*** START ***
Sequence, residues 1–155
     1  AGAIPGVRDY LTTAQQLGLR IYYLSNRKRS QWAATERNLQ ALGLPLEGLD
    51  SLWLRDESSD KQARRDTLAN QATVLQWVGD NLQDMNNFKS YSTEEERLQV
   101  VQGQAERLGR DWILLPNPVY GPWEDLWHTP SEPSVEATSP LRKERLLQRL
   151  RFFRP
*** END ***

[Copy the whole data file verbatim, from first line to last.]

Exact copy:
Sequence, residues 1–155
     1  AGAIPGVRDY LTTAQQLGLR IYYLSNRKRS QWAATERNLQ ALGLPLEGLD
    51  SLWLRDESSD KQARRDTLAN QATVLQWVGD NLQDMNNFKS YSTEEERLQV
   101  VQGQAERLGR DWILLPNPVY GPWEDLWHTP SEPSVEATSP LRKERLLQRL
   151  RFFRP